How does one prepare for a chess tournament? Let me tell you about my previous day, Sunday January 15th, 2017.

The day before a chess tournament is usually pretty boring. My parents were quite supportive of me playing the next day (that was nice after a chess ban!), so I was allowed to do whatever I wanted to do, which they assumed was being productive and studying chess, and preparing for the event. But that didn't really happen. For one thing, I figured I should study the opening, but I was too nervous that my opponents would have better knowledge of the opening than me, because I never get to understand my openings well enough. So I looked through the "Catalan book", and "Play the French", a book I got just in the last week, a few days before the event. But after an hour or so, I wasn't really interested in studying. So I decided that I would avoid doing anything chess related for the remainder of the day, and instead played the piano for an hour, watched a 2 hour movie, took forever to eat, and talked to my family. So my idea of making the day a chess filled one didn't really happen. For all of you wishing to win tournaments, follow my advice! Don't do anything chess related before the event and you will dominate!

The next day, I woke up at 6:30am, way too early for me usually, but since there was going to be a chess tournament I jumped out of bed, ate breakfast, and then said my goodbyes and left to take the bus at 7:25. After a little more than an hour, at 8:30am, I arrived at Interlake High School. As expected, the playing area was in a separate building nearby, and the skittles room/cafeteria was in the school building. After playing a few blitz games, wishing luck to players except if they played me, the pairings were up. I ran to where the pairings were posted and found Brandon Jiang, who I've played twice before, and his dad said they were looking at the registration sheet and they thought that I would be playing Brandon. I wasn't that surprised, as I thought that the middle of the field was around 1500, and being that I was #4, and Brandon was 1487, Mr. Jiang was correct. I was to play Brandon Jiang on Board 128 as White. For some reason we play a lot in first rounds! (This being our third game together, you can find the other two games here: Me vs. Brandon Jiang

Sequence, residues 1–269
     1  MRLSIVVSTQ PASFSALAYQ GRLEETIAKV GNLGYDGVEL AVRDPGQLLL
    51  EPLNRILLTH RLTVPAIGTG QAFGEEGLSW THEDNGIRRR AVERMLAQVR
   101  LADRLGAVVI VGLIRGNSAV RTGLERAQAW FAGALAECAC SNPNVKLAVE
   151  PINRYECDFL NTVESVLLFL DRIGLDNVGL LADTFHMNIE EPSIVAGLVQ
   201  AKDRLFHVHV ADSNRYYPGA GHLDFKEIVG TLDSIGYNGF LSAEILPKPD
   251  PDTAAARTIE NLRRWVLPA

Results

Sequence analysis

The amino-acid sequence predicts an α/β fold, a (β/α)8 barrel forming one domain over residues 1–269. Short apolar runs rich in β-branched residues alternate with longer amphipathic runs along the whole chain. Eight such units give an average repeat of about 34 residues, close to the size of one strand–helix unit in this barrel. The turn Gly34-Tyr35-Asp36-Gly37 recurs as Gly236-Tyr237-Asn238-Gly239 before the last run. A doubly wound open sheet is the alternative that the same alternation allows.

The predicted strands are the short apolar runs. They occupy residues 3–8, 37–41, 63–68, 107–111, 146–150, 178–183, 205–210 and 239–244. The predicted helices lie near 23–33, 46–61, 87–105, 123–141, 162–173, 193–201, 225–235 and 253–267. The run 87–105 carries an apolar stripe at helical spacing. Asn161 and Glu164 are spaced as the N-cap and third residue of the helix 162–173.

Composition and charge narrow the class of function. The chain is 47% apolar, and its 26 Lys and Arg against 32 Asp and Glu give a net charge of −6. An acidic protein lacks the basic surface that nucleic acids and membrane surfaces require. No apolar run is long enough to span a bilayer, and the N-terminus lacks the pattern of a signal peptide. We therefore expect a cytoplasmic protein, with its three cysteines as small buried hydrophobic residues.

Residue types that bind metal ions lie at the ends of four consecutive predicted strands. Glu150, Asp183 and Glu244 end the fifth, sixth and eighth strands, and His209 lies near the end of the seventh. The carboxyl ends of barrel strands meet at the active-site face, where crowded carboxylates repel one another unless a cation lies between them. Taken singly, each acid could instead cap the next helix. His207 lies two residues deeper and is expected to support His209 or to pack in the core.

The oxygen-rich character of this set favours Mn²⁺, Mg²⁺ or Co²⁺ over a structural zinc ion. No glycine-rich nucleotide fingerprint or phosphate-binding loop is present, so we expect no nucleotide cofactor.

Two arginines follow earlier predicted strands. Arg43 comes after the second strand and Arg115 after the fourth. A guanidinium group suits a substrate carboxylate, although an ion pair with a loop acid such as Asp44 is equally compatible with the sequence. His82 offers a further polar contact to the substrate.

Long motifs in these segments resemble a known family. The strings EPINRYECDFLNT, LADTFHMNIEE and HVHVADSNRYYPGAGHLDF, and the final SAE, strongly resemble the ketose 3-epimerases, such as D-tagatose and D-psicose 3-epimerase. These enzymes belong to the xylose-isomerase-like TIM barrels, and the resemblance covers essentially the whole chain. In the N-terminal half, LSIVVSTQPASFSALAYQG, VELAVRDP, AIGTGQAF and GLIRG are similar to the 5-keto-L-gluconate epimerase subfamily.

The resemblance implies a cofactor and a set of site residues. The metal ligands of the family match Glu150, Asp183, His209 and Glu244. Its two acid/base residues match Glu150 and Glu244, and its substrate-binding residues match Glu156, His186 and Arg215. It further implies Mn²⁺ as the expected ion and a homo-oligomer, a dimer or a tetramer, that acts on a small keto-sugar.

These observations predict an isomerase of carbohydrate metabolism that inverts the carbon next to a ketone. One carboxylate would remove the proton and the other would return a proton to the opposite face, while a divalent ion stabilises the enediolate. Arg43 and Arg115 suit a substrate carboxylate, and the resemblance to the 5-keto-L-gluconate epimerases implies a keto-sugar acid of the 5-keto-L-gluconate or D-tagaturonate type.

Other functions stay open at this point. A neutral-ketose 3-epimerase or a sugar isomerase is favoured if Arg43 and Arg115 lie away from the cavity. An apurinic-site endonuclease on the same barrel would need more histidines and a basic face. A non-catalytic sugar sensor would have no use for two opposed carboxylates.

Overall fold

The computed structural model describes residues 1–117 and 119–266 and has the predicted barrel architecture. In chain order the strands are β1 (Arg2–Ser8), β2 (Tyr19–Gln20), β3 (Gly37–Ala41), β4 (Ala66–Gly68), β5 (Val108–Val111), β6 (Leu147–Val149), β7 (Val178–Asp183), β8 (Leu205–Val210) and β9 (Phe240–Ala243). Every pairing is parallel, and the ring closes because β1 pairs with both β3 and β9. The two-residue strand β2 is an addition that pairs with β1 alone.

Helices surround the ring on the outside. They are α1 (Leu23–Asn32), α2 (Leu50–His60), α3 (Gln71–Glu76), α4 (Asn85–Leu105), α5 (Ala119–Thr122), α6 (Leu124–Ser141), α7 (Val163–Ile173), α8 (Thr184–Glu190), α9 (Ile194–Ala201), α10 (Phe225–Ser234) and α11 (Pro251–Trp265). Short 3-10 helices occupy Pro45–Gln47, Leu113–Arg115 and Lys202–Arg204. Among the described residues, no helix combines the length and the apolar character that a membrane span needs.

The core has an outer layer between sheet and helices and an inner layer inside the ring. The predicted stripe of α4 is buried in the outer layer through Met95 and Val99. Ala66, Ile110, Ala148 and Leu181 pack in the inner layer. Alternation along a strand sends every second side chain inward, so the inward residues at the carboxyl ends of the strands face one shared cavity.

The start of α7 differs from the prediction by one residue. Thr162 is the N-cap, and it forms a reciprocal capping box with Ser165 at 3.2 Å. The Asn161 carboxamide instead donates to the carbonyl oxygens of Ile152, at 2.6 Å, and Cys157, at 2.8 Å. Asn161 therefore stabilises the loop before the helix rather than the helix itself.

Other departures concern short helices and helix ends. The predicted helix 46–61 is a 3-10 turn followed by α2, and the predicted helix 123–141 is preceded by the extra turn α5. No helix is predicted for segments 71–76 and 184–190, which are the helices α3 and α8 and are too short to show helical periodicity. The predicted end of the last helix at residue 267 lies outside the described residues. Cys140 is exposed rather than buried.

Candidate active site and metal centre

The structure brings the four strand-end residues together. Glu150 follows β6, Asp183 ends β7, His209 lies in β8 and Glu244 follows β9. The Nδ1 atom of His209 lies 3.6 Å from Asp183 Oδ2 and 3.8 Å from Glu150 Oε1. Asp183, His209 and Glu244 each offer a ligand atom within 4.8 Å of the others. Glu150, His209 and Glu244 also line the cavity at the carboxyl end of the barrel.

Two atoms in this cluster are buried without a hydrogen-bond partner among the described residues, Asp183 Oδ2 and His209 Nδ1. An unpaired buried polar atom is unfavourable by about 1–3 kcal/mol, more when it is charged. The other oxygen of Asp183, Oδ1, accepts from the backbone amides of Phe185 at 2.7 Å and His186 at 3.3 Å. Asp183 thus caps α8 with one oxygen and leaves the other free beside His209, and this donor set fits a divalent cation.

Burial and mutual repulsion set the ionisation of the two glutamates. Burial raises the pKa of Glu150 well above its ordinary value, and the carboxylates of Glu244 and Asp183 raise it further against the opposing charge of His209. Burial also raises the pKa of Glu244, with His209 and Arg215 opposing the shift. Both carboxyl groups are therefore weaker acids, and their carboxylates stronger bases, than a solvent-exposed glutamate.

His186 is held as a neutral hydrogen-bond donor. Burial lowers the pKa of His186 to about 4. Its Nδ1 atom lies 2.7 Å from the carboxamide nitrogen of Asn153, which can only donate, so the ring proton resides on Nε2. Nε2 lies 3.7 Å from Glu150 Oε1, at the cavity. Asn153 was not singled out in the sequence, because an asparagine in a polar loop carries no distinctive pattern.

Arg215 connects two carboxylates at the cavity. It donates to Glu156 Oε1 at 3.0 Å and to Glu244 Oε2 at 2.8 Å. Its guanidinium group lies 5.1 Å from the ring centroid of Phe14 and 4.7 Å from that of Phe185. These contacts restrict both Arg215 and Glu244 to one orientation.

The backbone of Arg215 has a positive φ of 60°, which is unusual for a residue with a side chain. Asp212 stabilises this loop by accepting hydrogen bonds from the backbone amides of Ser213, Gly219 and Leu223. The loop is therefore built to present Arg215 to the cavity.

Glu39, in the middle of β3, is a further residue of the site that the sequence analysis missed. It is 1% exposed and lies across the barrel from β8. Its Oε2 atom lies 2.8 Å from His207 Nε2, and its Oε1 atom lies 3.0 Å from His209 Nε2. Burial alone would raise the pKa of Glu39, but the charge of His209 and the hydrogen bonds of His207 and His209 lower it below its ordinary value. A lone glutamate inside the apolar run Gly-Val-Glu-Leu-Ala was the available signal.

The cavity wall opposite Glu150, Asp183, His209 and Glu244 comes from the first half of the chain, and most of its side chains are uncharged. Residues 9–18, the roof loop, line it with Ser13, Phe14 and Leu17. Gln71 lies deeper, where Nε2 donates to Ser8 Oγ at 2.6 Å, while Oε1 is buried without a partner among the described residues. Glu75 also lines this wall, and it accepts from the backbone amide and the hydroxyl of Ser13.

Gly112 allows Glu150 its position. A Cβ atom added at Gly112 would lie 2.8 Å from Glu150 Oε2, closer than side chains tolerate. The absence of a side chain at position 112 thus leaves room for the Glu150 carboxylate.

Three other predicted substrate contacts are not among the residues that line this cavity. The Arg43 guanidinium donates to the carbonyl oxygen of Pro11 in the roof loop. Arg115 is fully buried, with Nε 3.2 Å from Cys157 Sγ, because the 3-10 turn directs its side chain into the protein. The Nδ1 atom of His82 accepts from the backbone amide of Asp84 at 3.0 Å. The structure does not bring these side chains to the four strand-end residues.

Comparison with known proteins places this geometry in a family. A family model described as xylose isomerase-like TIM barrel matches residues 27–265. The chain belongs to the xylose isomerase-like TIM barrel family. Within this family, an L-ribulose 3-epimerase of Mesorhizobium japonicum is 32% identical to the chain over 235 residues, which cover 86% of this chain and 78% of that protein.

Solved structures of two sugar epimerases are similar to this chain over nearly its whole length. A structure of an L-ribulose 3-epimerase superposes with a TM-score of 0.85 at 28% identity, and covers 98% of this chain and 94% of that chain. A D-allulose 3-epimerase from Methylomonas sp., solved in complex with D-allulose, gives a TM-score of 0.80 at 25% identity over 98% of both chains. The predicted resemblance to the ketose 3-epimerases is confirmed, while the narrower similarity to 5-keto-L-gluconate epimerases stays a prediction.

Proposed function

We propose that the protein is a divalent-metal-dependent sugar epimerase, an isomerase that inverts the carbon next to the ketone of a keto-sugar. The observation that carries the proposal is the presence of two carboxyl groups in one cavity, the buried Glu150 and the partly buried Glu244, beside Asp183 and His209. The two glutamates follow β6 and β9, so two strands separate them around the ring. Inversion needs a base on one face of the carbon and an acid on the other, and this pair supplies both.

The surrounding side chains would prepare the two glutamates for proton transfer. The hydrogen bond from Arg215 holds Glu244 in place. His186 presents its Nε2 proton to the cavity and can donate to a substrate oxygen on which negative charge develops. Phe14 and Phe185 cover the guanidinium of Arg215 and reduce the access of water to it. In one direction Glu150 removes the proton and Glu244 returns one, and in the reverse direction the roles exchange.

I was fine playing him, although Brandon's always determined and aggressive style made me figure that I should play it safe. That meant that I should play the Catalan. I really wished that I had looked at the Catalan book more! 

Before the game, I took 2 pictures of Brandon Jiang, and he was fine with it. After some meaningless announcements by the tournament directors, (I don't want everybody to show up on time!) the round was supposed to start, and so it did, of course late but not as late as usual. I shook Brandon Jiang's hand, he pushed the clock and I played 1.d4. We entered an opening which is favored by quite a few players in this area, the Catalan! Samuel would be proud, until he sees that I didn't follow the book moves. 

This win was (no offense to Brandon!) pretty straightforward after seeing Ng5, which surprised me because I was concerned that my ban from chess would make me play worse. It probably did, but not that significantly. Like all my other games, this game was decided due to my opponent messing up in time trouble.

Anyways, there were a lot of chess players who were not having a good time. The #3 seeded player Gabriel Tafalla, in fact lost his first game to the evil Joshua Lewis-Sandy! He ended up being a dangerous opponent in this event, you'll read more about him later. 3 other players were also victims to the numerous lower rated players who were determined to win an upset medal and gain rating. The number of draws was also quite high despite the often over 300 point rating difference. Scary, I thought. Would I be next? I didn't want to think about that happening to me, so I didn't. Instead, I found a group of kids in the cafeteria area and decided to give them extra Armageddon odds. It was really nice for them. I had 2 minutes and White, They had 3 minutes, but they would win in a case of a draw. I beat the first 2 players with about 30 seconds to spare against each one. But then came an evil Owen Xuan, rated 1738 USCF and definitely a tough player! We've played bullet on chess.com at one tournament, and while I did get 5.5/6 against him, the games were not easy! So I was wondering that maybe we should even the time out, but he didn't want it understandably enough, and then I wanted to prove to myself that I could do this. Well, I couldn't. We entered an incredibly sharp Sicilian, that left us taking too much time, and by the time I queened my pawn I only had 2 seconds left! Knowing that I would for sure not be physically able to checkmate him, I decided to settle for the draw and got rid of his pawns, therefore ending in a draw due to lack of material for him, but since a draw wins for him, he technically won. Oh well. Pretty close! 

The large skittles area where everyone was allowed to be loud.